“We’ve chatted quite a bit about it, especially over the last couple of months,” Cummins said. “We just think it’s really important to do our bit. We’ve decided to do the barefoot circle.
“I think we’re going to look at doing it at the start of each series. It’s a pretty easy decision for us. As soon as you try and learn a little bit about it, it just becomes a really easy decision.
“Not only as a sport but we as people are absolutely against racism. I think we could probably put our hands up and say we haven’t done enough in the past and we want to get better.
“This is one small thing we’re going to introduce this summer. In addition we’re going to try and do a lot of work on our education where we’re trying to learn as much about our history here in Australia in particular.”
“We think the most marginalised group [in Australia] is the First Nations people … the Indigenous people. We think the barefoot circle is a great way to celebrate them,” he said.
“Some people might want to take the knee, some people might want to show it in different ways and absolutely we’re all for that. But we’ve kind of come together as a team and think this is the best way we can demonstrate anti-racism as well as celebrating the Indigenous culture here.”
Australia will open their summer against India in a one-dayer at the SCG on Friday week.
Cummins’ leadership claims have grown immeasurably in recent months, for he has been made the sole vice-captain to Aaron Finch in the white-ball teams and now sole deputy to Tim Paine in the Test side. He had shared the red-ball duty with Travis Head last summer but a move to a traditional leadership set-up, and clearer lines of communication, meant Cummins was voted the best option.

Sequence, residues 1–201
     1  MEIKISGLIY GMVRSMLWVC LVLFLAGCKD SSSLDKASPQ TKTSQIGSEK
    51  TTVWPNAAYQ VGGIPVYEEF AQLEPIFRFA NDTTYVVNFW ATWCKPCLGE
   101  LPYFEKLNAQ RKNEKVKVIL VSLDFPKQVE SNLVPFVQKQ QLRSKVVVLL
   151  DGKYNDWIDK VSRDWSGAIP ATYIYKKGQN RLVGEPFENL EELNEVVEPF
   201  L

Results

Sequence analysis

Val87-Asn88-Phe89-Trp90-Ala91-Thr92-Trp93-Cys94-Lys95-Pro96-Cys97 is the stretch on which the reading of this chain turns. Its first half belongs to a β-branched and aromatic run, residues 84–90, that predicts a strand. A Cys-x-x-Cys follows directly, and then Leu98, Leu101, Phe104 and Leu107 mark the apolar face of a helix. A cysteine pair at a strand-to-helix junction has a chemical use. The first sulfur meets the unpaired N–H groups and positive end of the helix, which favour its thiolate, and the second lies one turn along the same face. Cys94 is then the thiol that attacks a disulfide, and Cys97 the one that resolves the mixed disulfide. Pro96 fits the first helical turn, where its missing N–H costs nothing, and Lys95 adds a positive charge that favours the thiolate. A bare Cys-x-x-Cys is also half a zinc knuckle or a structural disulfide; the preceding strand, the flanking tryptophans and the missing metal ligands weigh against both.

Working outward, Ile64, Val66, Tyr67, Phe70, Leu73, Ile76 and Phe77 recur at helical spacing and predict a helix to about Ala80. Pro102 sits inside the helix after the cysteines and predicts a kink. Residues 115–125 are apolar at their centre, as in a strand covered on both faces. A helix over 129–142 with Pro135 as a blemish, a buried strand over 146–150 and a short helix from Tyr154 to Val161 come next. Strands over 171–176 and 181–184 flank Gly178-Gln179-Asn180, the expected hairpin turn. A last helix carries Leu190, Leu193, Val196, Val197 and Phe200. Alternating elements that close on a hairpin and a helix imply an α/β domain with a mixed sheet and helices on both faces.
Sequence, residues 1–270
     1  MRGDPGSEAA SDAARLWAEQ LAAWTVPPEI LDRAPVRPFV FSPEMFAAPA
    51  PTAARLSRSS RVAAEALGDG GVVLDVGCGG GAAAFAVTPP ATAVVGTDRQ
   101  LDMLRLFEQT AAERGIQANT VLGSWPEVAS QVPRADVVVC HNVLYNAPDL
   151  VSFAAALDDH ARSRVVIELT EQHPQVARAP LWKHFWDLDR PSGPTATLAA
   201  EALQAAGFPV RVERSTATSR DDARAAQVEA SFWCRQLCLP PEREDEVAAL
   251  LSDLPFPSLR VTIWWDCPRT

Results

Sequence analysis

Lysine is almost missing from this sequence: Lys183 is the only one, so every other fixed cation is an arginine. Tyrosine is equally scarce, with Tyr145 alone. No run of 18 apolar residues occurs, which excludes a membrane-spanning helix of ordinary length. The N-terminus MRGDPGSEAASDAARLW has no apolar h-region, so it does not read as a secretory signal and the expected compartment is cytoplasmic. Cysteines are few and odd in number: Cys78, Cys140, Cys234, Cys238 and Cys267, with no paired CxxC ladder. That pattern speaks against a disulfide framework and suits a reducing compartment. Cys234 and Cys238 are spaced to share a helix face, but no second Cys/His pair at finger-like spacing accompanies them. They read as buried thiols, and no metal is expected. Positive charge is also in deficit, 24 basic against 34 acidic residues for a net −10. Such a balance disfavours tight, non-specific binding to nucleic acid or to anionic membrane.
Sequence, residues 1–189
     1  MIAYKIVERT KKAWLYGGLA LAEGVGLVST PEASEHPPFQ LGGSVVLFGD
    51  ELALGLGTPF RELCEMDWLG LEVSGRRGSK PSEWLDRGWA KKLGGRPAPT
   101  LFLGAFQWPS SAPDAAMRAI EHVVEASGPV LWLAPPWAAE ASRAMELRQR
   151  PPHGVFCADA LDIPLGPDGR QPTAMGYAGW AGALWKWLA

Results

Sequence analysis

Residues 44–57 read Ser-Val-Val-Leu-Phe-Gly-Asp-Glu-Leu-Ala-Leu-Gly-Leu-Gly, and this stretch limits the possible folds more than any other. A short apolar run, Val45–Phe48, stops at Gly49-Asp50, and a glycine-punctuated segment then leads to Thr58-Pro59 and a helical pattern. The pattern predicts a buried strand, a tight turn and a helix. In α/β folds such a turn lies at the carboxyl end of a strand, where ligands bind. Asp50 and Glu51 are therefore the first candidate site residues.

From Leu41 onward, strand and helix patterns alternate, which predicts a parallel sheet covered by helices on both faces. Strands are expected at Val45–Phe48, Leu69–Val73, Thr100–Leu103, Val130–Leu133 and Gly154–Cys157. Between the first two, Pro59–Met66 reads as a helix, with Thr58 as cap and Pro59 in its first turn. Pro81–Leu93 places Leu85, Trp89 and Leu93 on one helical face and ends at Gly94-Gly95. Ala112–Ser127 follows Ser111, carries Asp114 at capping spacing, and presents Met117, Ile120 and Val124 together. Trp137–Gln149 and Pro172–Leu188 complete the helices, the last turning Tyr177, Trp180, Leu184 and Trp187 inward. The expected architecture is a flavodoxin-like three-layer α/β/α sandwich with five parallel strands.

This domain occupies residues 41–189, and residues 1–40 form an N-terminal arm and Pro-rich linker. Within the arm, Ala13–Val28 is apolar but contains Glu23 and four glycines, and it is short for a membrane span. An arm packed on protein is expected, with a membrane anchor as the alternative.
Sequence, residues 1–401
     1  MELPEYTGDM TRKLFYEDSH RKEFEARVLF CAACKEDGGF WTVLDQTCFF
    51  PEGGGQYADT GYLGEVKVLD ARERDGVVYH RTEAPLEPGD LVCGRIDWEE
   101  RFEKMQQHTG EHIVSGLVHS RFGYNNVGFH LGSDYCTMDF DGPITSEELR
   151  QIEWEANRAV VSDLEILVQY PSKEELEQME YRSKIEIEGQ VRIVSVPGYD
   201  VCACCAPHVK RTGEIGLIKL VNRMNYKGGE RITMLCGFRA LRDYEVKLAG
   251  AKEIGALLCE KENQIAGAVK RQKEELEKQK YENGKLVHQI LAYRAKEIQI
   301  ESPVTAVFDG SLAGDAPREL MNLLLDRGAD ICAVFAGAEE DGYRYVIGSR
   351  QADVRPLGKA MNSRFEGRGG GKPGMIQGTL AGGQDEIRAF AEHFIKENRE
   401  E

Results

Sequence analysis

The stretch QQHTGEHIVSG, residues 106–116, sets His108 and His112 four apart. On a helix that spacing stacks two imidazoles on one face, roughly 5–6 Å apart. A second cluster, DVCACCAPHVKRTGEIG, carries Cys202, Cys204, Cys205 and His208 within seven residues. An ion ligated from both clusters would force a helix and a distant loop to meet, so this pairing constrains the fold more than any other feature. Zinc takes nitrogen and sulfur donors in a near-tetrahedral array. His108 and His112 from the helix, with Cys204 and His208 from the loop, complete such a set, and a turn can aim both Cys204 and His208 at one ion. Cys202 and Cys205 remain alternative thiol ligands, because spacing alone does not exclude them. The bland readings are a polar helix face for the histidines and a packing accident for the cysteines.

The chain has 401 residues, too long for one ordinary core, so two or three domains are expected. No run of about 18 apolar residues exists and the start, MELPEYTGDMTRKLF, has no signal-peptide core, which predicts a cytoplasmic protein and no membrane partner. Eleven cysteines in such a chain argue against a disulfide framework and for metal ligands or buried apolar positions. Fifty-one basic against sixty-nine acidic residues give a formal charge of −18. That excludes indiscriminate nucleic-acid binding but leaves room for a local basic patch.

Just because Cummins, 27, is vice-captain does not make him the automatic favourite, let alone successor, to Paine when the wicketkeeper, turning 36 next month, decides to retire.
Cricket Australia supported a recommendation as part of the Dr Simon Longstaff report into the sport’s poor culture in 2018 that the role of vice-captain be “de-coupled” from that of “heir apparent” for the captaincy. This was done with a view to having a more caring, team-orientated relationship between the captain and his deputy, something that hasn’t always been the case.
Cummins, though, said he hadn’t given a great deal of thought as to whether he wanted to be a future captain.
“I still see my job as helping Painy out in that Test side as much as I can,” he said.
“Since being vice-captain for the last 18 months or so, of course you think about the game a bit more when you are out there. Off the field, you are a bit more aware of what is going on.
“Sometimes as a bowler it’s easy to go down to fine leg and drift. Just trying to make sure I learn in case it [captaincy] ever comes up.”
Chris Barrett is Chief Sports Reporter of The Sydney Morning Herald.
Jon Pierik is cricket writer for The Age. He also covers AFL and has won awards for his cricket and basketball writing.